UN Volunteers advance peace process through verification of cease fire, demobilisation and disarmament in Colombia

20 September 2017
Victor Manuel Velasco
In 2016, the United Nations Security Council unanimously adopted Resolution 2261 to establish the UN Mission in Colombia (UNMC), a political mission of unarmed international observers deployed across the country. Sixty UN Volunteers were mobilized to support the tasks of verifying compliance with the peace agreement between the Government of Colombia and the Revolutionary Armed Forces of Colombia–People’s Army (FARC-EP), accompanying and monitoring the peace process and promoting a culture of peace.
UNMIC UNV Colombia
Margarita Cruz (El Salvador), UN Volunteer Field Officer, tracking disarmament progress across Transitory Standardization Zones (ZVTN) with UNMC staff in Miravalle, Colombia. (UNMC, 2017)

After a 50-year conflict between the Government of Colombia and the Revolutionary Armed Forces of Colombia–People’s Army (FARC-EP), the objective of the UN Mission in Colombia (UNMC) is to support cessation of hostilities and to monitor the abandonment of arms as well as the definitive bilateral ceasefire. Sixty UN Volunteers are serving with the Mission to conduct monitoring and verification exercises and carry out daily inspections of areas around the Transitory Standardization Zones (ZVTN) established under the ceasefire agreement.

UN Volunteers prove to be valuable assets in meeting mission objectives due in part to their willingness to adapt to difficult living conditions and their motivation to contribute to the peace process in Colombia, as well as their qualifications and previous experience in similar contexts. Beatriz Violeta Lafuente Vásquez (Spain), UN Volunteer Observer serving within the UN Mission’s Monitoring and Verification Mechanism in the Caquetá District confirms that the role of the volunteers is instrumental in facilitating the dialogue between communities, local authorities and FARC-EP.

The mediation work of UN Volunteers benefited people in an area where entire communities had been marginalised by local authorities for years. This collaboration between the parties involved, together with the ceasefire and cessation of hostilities, is the most direct way that people experienced the benefits of peace.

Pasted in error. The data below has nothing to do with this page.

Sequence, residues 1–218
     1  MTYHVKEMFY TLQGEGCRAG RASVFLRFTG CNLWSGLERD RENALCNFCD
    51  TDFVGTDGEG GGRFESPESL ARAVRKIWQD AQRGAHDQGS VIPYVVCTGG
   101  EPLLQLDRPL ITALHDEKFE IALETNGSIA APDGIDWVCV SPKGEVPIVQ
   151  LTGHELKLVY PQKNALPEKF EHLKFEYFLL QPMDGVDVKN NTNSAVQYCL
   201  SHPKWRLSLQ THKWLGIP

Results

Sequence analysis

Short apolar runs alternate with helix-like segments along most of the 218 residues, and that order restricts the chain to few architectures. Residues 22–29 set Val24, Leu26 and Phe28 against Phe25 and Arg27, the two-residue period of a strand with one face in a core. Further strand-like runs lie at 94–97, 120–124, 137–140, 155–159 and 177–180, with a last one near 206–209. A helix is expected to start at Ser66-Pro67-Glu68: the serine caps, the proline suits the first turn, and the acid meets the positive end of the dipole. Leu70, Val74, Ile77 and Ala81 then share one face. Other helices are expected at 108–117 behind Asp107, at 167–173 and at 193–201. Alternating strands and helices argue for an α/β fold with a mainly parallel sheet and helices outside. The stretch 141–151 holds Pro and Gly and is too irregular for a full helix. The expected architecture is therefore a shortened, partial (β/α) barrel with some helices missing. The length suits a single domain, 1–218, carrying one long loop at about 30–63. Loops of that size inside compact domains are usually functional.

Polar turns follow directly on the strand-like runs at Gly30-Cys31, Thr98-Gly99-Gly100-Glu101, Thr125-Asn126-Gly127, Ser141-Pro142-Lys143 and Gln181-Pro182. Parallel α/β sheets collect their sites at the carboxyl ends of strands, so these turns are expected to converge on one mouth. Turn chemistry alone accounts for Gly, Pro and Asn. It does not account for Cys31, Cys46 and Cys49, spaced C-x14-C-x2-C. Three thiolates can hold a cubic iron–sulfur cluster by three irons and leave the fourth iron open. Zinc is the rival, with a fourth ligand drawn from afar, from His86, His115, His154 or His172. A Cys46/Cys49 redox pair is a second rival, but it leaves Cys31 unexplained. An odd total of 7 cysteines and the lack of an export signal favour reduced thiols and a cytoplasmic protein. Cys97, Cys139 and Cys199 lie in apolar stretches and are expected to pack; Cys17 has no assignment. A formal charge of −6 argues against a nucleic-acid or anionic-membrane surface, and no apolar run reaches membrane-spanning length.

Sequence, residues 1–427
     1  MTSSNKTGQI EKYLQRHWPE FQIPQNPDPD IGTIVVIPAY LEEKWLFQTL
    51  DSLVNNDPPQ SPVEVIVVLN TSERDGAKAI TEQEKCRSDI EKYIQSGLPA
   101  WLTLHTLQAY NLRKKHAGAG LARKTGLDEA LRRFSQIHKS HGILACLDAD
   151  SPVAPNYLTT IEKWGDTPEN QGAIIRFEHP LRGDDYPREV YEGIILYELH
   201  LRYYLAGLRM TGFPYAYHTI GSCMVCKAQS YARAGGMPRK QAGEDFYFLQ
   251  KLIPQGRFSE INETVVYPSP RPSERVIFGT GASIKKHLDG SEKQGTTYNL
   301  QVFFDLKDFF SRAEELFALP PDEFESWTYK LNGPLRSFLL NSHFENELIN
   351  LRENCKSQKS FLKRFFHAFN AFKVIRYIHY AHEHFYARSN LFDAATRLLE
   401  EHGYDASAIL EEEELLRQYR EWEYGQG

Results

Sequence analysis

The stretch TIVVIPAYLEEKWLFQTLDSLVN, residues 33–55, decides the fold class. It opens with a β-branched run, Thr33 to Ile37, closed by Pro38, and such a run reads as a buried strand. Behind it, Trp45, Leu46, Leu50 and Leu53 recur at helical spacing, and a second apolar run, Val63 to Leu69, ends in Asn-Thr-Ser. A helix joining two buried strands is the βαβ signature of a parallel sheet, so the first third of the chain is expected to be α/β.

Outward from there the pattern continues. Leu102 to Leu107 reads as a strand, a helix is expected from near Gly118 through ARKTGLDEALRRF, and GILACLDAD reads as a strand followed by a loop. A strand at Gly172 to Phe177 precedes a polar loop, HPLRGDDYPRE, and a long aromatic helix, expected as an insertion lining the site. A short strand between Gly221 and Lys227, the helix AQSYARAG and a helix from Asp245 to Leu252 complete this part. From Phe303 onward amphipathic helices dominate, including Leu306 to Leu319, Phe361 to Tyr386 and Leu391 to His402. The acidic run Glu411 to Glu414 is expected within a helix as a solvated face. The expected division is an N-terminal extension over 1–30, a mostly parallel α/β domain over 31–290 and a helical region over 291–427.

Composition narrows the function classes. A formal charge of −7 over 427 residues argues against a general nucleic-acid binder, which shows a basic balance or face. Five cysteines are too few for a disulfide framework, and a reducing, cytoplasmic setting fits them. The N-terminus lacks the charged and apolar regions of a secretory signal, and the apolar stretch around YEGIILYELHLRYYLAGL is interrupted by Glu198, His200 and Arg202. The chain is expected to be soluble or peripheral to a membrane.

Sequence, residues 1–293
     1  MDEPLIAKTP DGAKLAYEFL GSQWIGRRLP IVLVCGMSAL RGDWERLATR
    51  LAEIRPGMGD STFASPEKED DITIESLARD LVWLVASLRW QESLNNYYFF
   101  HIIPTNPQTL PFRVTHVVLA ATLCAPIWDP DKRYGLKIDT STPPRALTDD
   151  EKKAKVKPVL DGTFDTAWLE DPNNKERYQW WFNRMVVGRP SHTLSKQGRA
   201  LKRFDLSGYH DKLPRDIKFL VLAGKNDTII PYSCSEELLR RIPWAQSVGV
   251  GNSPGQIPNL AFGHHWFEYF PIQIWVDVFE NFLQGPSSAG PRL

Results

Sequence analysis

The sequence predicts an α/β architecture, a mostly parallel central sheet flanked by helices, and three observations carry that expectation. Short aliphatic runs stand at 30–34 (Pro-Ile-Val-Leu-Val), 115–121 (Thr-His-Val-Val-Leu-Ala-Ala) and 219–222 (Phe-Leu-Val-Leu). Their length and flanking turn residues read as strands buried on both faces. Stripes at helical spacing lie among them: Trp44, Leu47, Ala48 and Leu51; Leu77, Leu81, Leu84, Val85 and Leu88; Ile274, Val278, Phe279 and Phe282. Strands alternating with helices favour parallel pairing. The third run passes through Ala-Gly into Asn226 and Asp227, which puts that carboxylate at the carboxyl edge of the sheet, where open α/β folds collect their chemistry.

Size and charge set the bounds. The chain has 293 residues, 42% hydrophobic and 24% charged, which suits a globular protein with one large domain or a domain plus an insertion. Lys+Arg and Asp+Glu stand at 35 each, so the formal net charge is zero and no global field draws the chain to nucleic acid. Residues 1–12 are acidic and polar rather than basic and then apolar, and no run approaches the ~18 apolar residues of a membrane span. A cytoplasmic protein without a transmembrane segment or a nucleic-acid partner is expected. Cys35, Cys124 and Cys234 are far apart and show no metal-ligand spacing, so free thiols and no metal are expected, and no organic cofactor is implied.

The UN Volunteers also support the Mission’s Disarmament Assistance (DA) service, as part of the laying down of arms, helping to maintain 24-hour shifts in the DA areas, in conjunction with the military personnel of the Mission.

“The added value of UN Volunteers supporting the peace process is that they are highly qualified men and women, really motivated to be part of this historic moment in Colombia, and willing to serve under very challenging conditions. Most of our volunteers come from Latin America and therefore feel a personal connection with the situation in Colombia. They hope that their work will also contribute to the consolidation of peace in the whole region,” says Elizabeth Dambolena, UNV Support Officer with the UN Mission in Colombia.    

UN Volunteers are also helping to raise awareness about the peace process amongst civil society, promoting the work of UNMC and interacting with communities to understand their perspective of the process.

“With our activities, we empower the population to be the real controllers of the peace process. We inform people about the content of the peace agreements, equipping them with the knowledge and tools to be able to defend their rights, and promoting safe channels for filing complaints in case of infringement of these rights,” explains Paulo Pantano (Brazil), UN Volunteer Observer serving within the Mission’s Monitoring and Verification Mechanism in the Nariño district. “We are the civilian face of the Mission, and Colombians see us as being the most tuned in to their needs and to their reality.”

In our work as UN Volunteers, I think we have demonstrated special skills and sensitivities that are necessary in the interaction with communities, especially with specific sectors such as women and the victims of the armed conflict.” —Iris Aviñoa Ordóñez (Spain), UN Volunteer Observer in the Meta district

“Having previously lived and worked in Colombia, I have witnessed the atrocities of the long-term conflict and its impact on the lives of people,” concludes Víctor, former UNV Programme Officer in Colombia. “Being part of the peace process, with a team of volunteers at the forefront of the action, is a real privilege.”

Between 2016 and 2017, more than 90 UN Volunteers have served with UN agencies in Colombia, 60 of which serve with the United Nations Mission in Colombia (UNMC), mainly as Field Officers carrying out observer duties.

Latin America and the Caribbean